Scorching temperatures hit Europe, set to continue as heatwave hits countries including Italy, Poland & Spain with temperatures up to 48C
Across Europe, a heatwave has been recorded in numerous countries in the wake of the hottest June on record – which caused unprecedented sea surface temperatures and record low Antarctic sea ice extent – and temperatures are expected to hit 44C in parts of Spain later this week.
Previously, the highest temperature in Europe was recorded on 11 August 2021, with a temperature of 48.8C in Floridia, an Italian town in the Sicilian province of Syracuse. Experts believe the record may be broken in this July heatwave, which Italy, Spain, France, Germany and Poland are all facing.
Only on Monday, it was announced that the planet had the hottest few days on record in July, according to the World Meteorological Organisation.
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In Italy, an anticyclone – a high-pressure area – is coming from the south, with temperatures expected to soar to above 40°C as the heatwave affects most of the country.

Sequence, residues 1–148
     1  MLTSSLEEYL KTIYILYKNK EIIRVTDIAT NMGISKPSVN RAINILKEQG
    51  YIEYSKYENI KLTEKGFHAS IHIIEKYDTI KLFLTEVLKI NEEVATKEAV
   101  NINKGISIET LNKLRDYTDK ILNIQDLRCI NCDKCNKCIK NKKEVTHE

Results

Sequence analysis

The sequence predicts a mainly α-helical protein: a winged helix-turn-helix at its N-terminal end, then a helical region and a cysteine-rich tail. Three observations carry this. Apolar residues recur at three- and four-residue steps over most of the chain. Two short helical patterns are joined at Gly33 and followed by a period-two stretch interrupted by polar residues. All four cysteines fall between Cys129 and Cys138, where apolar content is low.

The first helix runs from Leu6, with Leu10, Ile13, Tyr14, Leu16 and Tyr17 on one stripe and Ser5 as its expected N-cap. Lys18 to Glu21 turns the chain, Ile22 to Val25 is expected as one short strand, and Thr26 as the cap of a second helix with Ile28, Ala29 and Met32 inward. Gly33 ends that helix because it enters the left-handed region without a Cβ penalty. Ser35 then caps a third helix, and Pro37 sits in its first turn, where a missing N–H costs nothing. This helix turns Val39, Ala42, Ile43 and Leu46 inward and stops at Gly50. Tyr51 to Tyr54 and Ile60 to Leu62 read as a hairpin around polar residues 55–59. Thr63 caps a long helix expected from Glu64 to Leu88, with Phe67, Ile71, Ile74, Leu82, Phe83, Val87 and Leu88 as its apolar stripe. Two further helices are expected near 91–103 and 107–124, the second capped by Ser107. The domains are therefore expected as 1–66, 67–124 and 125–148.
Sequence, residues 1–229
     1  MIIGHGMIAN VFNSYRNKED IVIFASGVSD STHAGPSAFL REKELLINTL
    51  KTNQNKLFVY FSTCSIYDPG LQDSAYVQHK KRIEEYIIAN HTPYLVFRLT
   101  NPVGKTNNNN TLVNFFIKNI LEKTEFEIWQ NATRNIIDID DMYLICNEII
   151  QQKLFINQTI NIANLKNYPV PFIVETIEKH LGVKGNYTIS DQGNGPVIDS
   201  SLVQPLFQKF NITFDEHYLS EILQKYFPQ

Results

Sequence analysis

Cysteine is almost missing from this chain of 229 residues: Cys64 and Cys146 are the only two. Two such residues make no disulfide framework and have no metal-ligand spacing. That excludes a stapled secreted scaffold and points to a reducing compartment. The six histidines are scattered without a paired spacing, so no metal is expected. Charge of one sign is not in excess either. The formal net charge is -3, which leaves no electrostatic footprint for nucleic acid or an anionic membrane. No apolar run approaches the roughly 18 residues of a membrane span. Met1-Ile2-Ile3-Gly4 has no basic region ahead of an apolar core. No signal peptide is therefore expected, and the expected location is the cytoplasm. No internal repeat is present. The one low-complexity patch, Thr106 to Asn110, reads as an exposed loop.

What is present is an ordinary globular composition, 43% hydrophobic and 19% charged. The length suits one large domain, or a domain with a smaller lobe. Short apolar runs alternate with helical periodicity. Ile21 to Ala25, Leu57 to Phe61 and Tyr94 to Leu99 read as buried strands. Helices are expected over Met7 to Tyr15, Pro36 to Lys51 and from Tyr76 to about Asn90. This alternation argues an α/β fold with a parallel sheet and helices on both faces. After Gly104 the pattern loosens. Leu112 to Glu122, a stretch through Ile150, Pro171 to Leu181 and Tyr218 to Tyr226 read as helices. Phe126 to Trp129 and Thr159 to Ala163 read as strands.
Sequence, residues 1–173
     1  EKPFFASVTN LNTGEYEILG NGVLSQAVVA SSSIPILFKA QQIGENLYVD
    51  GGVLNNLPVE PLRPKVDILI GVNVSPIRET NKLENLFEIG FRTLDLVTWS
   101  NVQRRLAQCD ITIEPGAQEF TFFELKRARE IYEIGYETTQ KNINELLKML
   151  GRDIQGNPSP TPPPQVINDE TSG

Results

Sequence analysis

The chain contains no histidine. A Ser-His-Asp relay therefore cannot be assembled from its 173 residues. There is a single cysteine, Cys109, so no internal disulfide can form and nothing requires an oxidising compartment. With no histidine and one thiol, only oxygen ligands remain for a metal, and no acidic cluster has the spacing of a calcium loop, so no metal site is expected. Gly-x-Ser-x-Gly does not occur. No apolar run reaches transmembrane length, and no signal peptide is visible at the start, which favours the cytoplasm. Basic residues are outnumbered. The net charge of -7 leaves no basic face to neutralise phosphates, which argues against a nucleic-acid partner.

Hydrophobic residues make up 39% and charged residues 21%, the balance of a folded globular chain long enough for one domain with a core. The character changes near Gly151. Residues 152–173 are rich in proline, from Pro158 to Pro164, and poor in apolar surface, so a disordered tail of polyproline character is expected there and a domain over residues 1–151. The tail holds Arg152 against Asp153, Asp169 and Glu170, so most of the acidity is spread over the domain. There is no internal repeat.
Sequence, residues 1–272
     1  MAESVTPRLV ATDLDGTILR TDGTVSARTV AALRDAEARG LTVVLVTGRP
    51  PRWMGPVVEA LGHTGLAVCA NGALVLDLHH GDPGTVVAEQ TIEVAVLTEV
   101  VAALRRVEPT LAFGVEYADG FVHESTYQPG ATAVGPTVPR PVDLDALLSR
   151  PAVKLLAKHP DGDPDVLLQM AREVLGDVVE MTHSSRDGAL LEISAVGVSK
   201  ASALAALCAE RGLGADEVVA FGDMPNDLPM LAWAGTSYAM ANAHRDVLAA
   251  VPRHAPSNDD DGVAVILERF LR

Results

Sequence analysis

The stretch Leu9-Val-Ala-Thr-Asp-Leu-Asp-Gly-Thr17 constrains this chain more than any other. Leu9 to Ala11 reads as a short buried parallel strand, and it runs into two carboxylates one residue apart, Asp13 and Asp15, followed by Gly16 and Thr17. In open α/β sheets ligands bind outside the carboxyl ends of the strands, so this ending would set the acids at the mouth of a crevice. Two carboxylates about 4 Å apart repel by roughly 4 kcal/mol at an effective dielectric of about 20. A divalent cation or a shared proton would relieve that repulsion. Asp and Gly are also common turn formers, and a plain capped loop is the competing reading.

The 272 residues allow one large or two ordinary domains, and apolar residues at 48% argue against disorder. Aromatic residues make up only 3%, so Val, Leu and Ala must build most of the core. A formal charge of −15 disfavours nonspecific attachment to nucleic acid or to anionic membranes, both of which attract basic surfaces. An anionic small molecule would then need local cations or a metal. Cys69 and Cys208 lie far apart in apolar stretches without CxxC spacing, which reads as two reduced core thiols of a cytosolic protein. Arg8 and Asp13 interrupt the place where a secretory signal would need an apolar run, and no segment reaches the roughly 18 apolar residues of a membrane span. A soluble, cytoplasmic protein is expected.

Between 9 and 10 July, in some Italian cities – including Rome, Naples, Taranto and Foggia – land surface temperatures were recorded at 45ºC, and along the east slopes of Mount Etna in Sicily, temperatures reached over 50C. This data was only recorded in the late morning – at around 11:30 am – so temperatures would have only increased past these levels.
Land surface temperature is significantly hotter than air temperature – and is calculated using satellite instruments able to measure the real amount of energy radiating from the Earth. Monitoring land surface temperature is vital in forecasting weather and climate patterns, monitoring fires, and for farmers to optimise the irrigation of their crops.
Temperatures continue to rise
While the July heatwave continues, so does the onset of El Niño – the natural phenomenon which warms the Pacific Ocean, potentially leading to a further increase in global temperature and the number of weather records broken.
‘Climate warming amplified this year by El Niño severely affects food production, water availability as well as our health,’ said Mission Scientist of the Land Surface Temperature Monitoring mission, Benjamin Koetz.
A recent study in Nature Medicine highlighted the effect that increasing temperatures have on our global population – more than 60,000 people died due to summer heatwaves across Europe last year, with the highest mortality rate in Italy, Greece, Spain and Portugal.
In the wake of these high temperatures, the Red Cross has urged both tourists and locals to be cautious and pay attention to individuals who may be vulnerable to these higher temperatures.